New Insights Into the Phantom Complex for Small Animals


Dogs undergoing limb amputations can experience post-amputation pain and behavioral changes associated with a phantom complex.

Surgical limb amputations are commonly performed in small animals. In human medicine, a phantom complex (PC) has been defined as and consists of non-painful phantom limb sensation, stump pain (SP), and phantom limb pain (PLP). Unlike SP, which subsides, PLP can gradually worsen and become a chronic, neuropathic pain.

Phantom pain has not been extensively researched in veterinary medicine. In particular, veterinary limb amputation studies have primarily investigated the degree of adaptation and pet owner satisfaction. Also, assessing an animal’s abnormal pain sensations can be challenging because of animals’ inability to verbalize.

To address these knowledge gaps, an Italian research team conducted an online survey of pet owners whose dogs had undergone a limb amputation. The results were recently published in the Journal of Veterinary Behavior.

Survey Details

For this pilot study, the research team surveyed current and former dog owners whose dogs, regardless of reason, had 1 limb partially or completely amputated within the previous 3 months. According to human studies, 3 months is enough time to differentiate between simple postsurgical pain and PC-related pain in nonverbalizing patients.

The survey had 69 questions on pre- and post-amputation pain, pain-related behaviors, quality of life (QoL), and pet owner satisfaction. Statistical analysis was performed to identify associations with PC pain.


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Survey Results

Researchers collected 107 completed questionnaires. Just over half of the dogs were male and about 60% weighed more than 25 kg (about 55 pounds). Most dogs were adults at the time of amputation. Neoplasia (54%) and trauma (40%) were the most common reasons for amputation. Nearly 75% of amputations were complete and about 60% involved a thoracic limb.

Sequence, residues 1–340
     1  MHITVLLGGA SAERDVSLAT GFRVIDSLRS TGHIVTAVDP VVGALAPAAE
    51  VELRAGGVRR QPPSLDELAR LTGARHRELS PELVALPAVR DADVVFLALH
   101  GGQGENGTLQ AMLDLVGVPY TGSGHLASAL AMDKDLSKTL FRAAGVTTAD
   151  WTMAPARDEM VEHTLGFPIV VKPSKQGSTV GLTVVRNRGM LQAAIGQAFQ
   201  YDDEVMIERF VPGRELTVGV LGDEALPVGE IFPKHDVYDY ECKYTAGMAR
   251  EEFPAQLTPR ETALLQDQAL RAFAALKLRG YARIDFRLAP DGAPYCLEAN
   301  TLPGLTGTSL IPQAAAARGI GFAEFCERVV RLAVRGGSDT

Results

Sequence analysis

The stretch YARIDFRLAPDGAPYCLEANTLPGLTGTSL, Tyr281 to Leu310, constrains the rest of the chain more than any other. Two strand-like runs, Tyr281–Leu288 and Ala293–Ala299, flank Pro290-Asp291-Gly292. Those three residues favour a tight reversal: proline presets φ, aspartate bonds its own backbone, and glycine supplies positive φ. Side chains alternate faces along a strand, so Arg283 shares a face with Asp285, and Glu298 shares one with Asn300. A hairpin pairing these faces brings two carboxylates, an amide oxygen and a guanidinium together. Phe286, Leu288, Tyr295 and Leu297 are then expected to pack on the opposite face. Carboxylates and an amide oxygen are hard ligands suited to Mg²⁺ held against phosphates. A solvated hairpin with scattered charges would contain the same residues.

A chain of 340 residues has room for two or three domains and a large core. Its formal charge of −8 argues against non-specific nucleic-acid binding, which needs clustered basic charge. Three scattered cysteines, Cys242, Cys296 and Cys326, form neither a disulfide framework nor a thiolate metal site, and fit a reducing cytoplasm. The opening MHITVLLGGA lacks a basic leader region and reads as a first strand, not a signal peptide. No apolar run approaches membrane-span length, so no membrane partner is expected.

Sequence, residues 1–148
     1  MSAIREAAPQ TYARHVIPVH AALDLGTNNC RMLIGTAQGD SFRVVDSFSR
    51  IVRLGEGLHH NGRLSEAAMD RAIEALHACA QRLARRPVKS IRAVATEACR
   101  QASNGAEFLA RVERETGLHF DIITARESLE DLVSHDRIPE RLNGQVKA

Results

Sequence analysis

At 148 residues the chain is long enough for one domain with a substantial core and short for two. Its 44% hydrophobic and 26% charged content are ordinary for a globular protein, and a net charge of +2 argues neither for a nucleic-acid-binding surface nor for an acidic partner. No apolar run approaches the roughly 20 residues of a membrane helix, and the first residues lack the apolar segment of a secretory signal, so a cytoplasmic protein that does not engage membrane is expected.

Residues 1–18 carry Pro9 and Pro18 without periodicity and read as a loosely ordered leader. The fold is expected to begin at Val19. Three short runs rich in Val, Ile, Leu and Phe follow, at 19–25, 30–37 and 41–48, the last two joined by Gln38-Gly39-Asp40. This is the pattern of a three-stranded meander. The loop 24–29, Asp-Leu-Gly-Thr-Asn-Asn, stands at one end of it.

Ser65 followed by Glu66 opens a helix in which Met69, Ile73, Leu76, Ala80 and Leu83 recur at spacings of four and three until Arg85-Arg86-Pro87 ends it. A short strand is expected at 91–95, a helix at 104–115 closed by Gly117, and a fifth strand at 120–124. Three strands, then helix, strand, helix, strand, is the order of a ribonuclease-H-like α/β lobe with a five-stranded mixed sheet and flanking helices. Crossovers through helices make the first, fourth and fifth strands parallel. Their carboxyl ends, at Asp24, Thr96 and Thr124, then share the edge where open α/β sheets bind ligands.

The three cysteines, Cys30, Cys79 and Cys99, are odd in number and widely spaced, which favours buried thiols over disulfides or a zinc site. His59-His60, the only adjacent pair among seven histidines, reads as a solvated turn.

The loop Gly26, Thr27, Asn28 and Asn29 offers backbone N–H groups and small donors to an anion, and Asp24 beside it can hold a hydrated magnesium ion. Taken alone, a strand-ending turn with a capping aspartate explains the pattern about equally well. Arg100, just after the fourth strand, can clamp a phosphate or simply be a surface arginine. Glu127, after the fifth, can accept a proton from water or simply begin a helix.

Pain prevalence was roughly equal before (82%) and after amputation (85%). Slightly over half of dogs experienced pain more than 1 month before amputation and 14% of dogs had pain 1 to 6 months after amputation. Researchers identified ‘early onset of pre-amputation pain’ as a risk factor for increased post-amputation pain frequency.

Pet owners reported a transition from ‘waxing and waning’ or ‘persistent’ pain before amputation to ‘sudden and transient’ pain afterward, potentially due to abnormal circuitry following amputation and subsequent, sudden bursts of pain.

Most dogs received pre- or post-amputation medical treatment to relieve pain. However, as in people, there was no significant relationship between pre-surgical pain control and incidence of post-amputation pain.

Behavior Changes

Dogs reportedly became less playful and interactive during the first 3 to 6 months following amputation. From 3 months onward, some dogs exhibited behaviors potentially associated with the PC, including:

  • Restlessness
  • Licking or scratching stump
  • Muscular twitching in stump

Some behavioral changes like aggression or withdrawal reportedly occurred before and after amputation.


Although some dogs had mobility challenges after amputation, about 95% of dogs adapted well after the procedure. A high degree of adaptation was significantly associated with less post-amputation pain.

Pet Owner Satisfaction

Nearly 90% of the surveyed pet owners were happy with the decision to have their pets’ limbs amputated and felt their veterinarians informed them well about the procedure. Although about 60% of pet owners reported limited independence and social life in the first month after amputation, roughly the same percentage reported an improved relationship with their pet post-amputation.

The researchers acknowledged that this study’s survey was unvalidated. However, to date, validated pain scales and surveys for amputee dogs are not available, they noted.

They concluded that for veterinarians, “The ability to recognize behavioral signs that may indicate the presence of unpleasant sensations related to neuropathic pain would be of great interest” for pain prevention and treatment.

Dr. JoAnna Pendergrass received her Doctor of Veterinary Medicine degree from the Virginia-Maryland College of Veterinary Medicine. Following veterinary school, she completed a postdoctoral fellowship at Emory University’s Yerkes National Primate Research Center. Dr. Pendergrass is the founder and owner of JPen Communications, a medical communications company.

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